Airborne Nodes in Communication Networks – Final Report


  • Karina Fors
  • Anders Hansson
  • Sara Linder
  • Ulf Sterner
  • Sara Örn Tengstrand
  • Ulrika Uppman

Publish date: 2014-12-31

Report number: FOI-R--3973--SE

Pages: 31

Written in: Swedish


  • ad hoc networks
  • UAV
  • airborne nodes
  • elevated nodes
  • robust communications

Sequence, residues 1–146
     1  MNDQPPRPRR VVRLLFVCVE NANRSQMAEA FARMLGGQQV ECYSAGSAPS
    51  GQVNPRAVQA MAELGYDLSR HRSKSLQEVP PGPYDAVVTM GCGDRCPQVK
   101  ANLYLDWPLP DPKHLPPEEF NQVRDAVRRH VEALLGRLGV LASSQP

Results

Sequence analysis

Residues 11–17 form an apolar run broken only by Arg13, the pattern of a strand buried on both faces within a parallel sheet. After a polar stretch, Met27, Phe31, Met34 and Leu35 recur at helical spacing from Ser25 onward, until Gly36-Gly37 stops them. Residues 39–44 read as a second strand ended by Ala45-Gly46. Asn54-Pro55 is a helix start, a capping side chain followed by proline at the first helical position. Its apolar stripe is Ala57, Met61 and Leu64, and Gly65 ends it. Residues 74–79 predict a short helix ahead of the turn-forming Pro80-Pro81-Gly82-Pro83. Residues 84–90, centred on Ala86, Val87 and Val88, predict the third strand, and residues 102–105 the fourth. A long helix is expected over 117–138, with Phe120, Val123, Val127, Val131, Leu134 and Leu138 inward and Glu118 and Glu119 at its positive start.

The project Airborne nodes in communication networks evaluates performance of communication networks with both ground based and airborne nodes. The project is a three-year project that started on January 1, 2012 and ends December 31, 2014. This report summarizes the results generated by the project. Three different scenarios have been analyzed, radio link systems, tactical ground networks and communication with a helicopter. In radio link networks, it can be difficult to replace parts of the network with an airborne node and get the same range, as the airborne node probably uses a simple antenna. Often an antenna with a gain is necessary to obtain the same range. The benefit of an airborne node in a radio link network is likely that they enable a system with less pre-planning and more mobility, but has about the same range as a radio link system. In tactical ground networks, data rate could be increased using an airborne node. Results show that the data rate can be significantly improved for broadcast traffic in a ground network with an airborne node. Moreover, in networks with traffic between pairs of nodes, unicast traffic, an airborne node has proved to be very useful. In a mobile network, links change constantly and therefore it is difficult to send unicast traffic effectively. Hence, using an airborne node can simplify the problem considerably. In order to avoid friendly fire, it is desirable that helicopters can exchange data with ground networks before the helicopter comes within range of fire. The analysis shows that it is possible when the helicopter has a high altitude, 1000 meters, but not at low altitudes, 5-20 meters. In addition, results show that helicopters flying over a mobile network can send and receive traffic at about the same extent as the ground nodes during the few minutes that the helicopters are over the network. Being able to communicate with ground networks during the overflight is a desired ability missing in existing systems.